AP: Corruption linked to soaring Brazil World Cup stadium prices
An AP study revealed that political donations from construction firms in Brazil have skyrocketed since stadium contracts were awarded, alluding to the alleged widespread corruption ahead of the World Cup.
The protests in Brazil last year were largely founded in the general public’s frustration with government spending on lavish stadiums ahead of the World Cup and the 2016 Olympics.
And according to a recent Associated Press report, those protests, which saw more than one million people take to the streets and interrupt Confederation Cup games, appear to support a legitimate argument.
The cost of building Brasilia’s stadium, one of the host arenas for next month’s World Cup, has ballooned to $900 million in public funds, nearly triple what was originally planned. The excess is due to allegedly fraudulent billing, government auditors claim, and the stadium is now believed to be the world’s second-most expensive stadium.
In light of that news, the AP did an independent investigation that shows “skyrocketing campaign contributions by companies that have won the most World Cup projects. The lead builder of Brasilia’s stadium increased its political donations 500-fold in the most recent elections.”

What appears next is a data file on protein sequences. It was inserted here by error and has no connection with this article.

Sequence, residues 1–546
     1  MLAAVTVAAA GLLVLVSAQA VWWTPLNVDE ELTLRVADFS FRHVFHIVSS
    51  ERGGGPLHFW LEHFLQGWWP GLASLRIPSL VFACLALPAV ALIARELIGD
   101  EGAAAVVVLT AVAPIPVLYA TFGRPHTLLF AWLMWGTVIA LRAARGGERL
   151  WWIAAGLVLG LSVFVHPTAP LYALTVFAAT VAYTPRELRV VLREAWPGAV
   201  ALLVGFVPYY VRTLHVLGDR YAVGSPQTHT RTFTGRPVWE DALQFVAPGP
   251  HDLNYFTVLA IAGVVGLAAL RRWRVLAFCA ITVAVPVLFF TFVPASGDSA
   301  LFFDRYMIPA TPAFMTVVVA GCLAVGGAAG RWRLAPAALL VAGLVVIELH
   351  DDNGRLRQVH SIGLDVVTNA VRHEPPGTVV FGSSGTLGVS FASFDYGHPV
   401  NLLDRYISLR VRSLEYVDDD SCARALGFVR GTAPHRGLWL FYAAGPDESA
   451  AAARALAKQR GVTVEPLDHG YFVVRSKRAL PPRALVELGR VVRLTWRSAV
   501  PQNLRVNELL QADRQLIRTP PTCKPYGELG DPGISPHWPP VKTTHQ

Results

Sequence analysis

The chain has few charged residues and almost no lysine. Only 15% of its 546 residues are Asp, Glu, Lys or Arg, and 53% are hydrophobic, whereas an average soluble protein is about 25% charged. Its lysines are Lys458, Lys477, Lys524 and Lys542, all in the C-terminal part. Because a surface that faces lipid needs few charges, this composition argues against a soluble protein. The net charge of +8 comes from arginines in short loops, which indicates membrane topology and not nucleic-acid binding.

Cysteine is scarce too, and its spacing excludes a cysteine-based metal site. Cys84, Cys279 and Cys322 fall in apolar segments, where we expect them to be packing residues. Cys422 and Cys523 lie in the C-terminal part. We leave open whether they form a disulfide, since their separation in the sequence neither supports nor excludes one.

The connection raises doubts about the government’s ability to police stadium contracts and further mars the corruption associated with big-time sporting events such as the World Cup and the Olympics, both not coincidentally heading to Brazil in the coming years.
While no companies face corruption charges yet, auditors claim that they have found $275 million in alleged price-gouging and haven’t completed their full investigation.
"These politicans are working for those who financed campaigns," one auditor told the AP.
Those protests, which stemmed from public unrest about tax money funding stadiums instead of public transportation or health care, appear to have a significant basis.
The AP cites Andrade Gutierrez, a giant construction firm, as one of the primary culprits. In 2008, the company donated almost $75,000 to local elections, but “four years later, once it was known which cities were hosting Cup matches, and thus which political parties controlled the local governments that awarded Cup projects, the company’s political contributions totaled $37.1 million.”
One of the loudest criticisms of the excessive World Cup spending is that most of the stadiums will become useless after the Cup and the Olympics, meaning that billions (the 12 stadiums have cost a reported $4.2 billion) could be wasted.
The Cup kicks off in 30 days, and there's sure to be no shortage of criticisms from now until then.
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